During Hurricane Sandy this fall, The Weather Channel experienced its highest traffic ever. Normally the media company -- which spans television, desktop and mobile platforms -- supports about 90 million Web and mobile users a month. During Sandy, that jumped to 450 million -- nearly double the company's previous high for Web traffic.
Fortunately, The Weather Channel was prepared for the traffic surge. Landon Williams, vice president of Platforms and Orchestration, and his IT team had recently architected the company's real-time radar mapping system to run on Amazon Web Services' Elastic Compute Cloud (EC2). On normal days, the mapping system runs on about 20 instances, but during Sandy it scaled up to run on 175 nodes in AWS's cloud.
It's a classic use-case for the cloud: Variable and unpredictable peak demand for Web services is outsourced to a public cloud provider. It would have required a major investment for Williams to spin up a system across the company's on-premise and colocation environments to support the traffic load it experienced when Sandy ripped up the Eastern Seaboard, and then it would have likely gone mostly unused during other times. The alternative would have been not to have the compute horsepower to serve all the visitors to The Weather Channel's platforms, but Williams doesn't like that option either.
Adequate compute power for the application allows the radar maps to be updated as close to real-time as possible. Without the scaled-up, on-demand cloud resources users would have experienced lagging maps, delayed by seconds or maybe even minutes. "I want to be able to give people that visit our site the most up-to-date information possible," he says. In extreme circumstances -- think hurricanes, tornadoes, floods, lightning -- weather information can be a life-or-death matter.
Now that Williams and TWC have had one success with the cloud, they're looking at it for other applications. "We're really, really excited about the opportunities the cloud can bring us," he said at AWS's recent user conference, which he attended to learn more about the products and services offered from AWS's cloud and its partner network.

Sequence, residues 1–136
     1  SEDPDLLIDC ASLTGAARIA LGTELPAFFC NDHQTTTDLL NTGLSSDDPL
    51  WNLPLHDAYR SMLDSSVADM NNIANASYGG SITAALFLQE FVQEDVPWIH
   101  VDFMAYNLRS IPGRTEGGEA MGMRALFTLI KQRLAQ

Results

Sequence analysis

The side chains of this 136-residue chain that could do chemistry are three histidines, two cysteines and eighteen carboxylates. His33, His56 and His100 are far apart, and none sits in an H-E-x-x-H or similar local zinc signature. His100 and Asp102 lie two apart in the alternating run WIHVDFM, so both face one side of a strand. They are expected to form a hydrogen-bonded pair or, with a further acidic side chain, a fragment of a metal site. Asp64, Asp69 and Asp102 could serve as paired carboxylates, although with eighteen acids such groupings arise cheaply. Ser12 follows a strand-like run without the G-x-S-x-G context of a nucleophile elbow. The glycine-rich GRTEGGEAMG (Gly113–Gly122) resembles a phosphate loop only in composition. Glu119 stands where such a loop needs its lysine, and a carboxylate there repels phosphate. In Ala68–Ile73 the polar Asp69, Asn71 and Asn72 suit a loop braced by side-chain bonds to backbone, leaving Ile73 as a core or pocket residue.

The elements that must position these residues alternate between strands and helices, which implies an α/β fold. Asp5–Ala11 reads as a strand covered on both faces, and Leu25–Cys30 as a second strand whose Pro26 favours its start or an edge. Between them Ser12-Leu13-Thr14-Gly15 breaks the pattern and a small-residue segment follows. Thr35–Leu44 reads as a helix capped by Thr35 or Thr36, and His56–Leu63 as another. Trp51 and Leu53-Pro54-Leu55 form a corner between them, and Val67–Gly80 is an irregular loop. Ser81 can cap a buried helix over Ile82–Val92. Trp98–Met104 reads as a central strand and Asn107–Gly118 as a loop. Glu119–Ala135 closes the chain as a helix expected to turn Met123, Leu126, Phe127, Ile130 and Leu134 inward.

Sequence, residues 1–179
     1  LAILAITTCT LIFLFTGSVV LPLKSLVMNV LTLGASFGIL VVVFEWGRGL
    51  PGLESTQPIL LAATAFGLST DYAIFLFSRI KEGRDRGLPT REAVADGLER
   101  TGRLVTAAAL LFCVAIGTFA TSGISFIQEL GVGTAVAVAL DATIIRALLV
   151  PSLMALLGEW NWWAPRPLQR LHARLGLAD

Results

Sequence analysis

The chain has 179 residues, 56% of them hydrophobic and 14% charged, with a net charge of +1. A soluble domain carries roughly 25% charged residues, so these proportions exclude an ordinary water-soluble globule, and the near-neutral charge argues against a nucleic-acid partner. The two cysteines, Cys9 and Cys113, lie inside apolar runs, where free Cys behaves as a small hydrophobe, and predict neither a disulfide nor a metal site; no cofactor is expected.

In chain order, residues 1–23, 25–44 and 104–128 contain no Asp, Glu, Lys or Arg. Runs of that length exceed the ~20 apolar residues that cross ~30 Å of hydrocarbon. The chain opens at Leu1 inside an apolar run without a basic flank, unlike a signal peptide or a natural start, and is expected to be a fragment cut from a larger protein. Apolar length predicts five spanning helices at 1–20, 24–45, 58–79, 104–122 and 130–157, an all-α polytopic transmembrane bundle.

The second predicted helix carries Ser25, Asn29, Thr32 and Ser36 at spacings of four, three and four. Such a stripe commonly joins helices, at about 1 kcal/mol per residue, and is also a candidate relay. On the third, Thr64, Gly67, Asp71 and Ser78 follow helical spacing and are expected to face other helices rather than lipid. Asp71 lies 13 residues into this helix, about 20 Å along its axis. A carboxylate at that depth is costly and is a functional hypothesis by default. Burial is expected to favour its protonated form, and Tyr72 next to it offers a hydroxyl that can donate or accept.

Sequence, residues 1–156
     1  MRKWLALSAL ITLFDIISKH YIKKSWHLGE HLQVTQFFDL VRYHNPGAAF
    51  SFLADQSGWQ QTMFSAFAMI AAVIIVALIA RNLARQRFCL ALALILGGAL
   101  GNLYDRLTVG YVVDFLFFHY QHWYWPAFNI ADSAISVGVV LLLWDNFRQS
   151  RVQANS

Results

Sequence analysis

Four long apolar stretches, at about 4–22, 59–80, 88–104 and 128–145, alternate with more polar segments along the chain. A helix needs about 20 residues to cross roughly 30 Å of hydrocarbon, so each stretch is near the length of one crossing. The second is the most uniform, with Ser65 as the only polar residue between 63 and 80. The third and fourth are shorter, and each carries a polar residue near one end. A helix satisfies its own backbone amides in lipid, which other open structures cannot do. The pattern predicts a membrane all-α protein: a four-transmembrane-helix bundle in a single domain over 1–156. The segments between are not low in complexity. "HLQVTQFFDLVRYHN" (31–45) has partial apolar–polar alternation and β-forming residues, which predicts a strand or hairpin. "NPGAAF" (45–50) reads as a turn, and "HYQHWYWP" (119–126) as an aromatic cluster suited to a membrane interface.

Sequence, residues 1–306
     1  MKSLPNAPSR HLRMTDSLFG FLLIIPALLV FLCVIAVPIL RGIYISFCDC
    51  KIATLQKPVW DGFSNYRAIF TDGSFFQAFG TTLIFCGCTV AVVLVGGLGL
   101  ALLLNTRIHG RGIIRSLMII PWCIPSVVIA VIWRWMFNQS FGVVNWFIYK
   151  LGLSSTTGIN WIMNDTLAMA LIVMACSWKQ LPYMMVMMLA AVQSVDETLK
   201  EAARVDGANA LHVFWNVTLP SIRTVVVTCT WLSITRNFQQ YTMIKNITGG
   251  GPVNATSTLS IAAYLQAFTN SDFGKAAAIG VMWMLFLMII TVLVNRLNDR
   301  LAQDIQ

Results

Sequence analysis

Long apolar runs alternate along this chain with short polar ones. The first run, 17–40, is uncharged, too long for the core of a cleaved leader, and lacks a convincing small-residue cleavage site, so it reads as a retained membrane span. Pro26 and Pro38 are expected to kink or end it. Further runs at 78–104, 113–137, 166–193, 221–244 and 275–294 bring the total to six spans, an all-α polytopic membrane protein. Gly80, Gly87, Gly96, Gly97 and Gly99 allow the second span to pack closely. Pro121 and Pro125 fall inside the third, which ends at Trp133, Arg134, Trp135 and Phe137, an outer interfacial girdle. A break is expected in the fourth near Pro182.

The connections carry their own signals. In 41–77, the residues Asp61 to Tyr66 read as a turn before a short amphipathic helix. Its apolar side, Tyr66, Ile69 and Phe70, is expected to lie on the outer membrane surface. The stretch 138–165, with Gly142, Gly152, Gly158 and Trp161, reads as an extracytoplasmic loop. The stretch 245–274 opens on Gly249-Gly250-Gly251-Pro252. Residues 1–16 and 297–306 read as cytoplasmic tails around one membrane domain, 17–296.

Another potential cloud use for TWC is having access to compute resources as developers need them, allowing an application or system to be developed in-house and then tested almost immediately across the cloud. "It'll allow us to react to our business better," Williams says.
TWC has spent the past few years migrating to a largely virtualized environment. The cloud, Williams says, is the next logical step. "There's a lot of POC [proof of concept]," he says. "Everyone sees the value, but we don't want to do it because it's the cool, trendy thing to do; we want to do it to add to the experience of our users."
There are a lot of considerations to take into account when moving from the multiple data centers the company currently runs most of its programs out of. No. 1 is making sure the system works. Amazon Web Services, which is where Williams and his team have dabbled the most in using cloud resources, hasn't been immune to weather events itself. This past summer's severe storms in Northern Virginia caused a power outage that led to AWS's cloud being unavailable for some customers. TWC, naturally, needs to make sure its network is up during such times.
That's why fault tolerant and highly available architectures are top-of-mind for Williams. He hopes to deploy Chaos Monkey, Netflix's randomly generating fault tolerant testing system, to test the cloud architecture for failures. Chaos Monkey is open source software programmed to randomly shut down parts of a system to test if the application is fault tolerant.
Another big part of having a highly available system, Williams says, is not being tied to a single vendor. The goal is to have no single point of failure, he says.
At AWS's first-ever user conference last month in Las Vegas, Williams was impressed with the breadth of services offered by Amazon, and was particularly excited about the company's announcement of Redshift, a data warehousing platform. Groups within TWC are pursuing next-generation projects across the company, with the next targeted application going to the cloud being a weather forecasting program, he says.
Which apps make it to the cloud and which don't is still to be determined. But Williams is optimistic about the possibilities. "This is a game changer to the business world and I'm thrilled that we're a part of and leader of the change," he says.
Network World staff writer Brandon Butler covers cloud computing and social collaboration. He can be reached at BButler@nww.com and found on Twitter at @BButlerNWW.
This story, "Weather Channel forecasts heavier reliance on cloud computing" was originally published by Network World.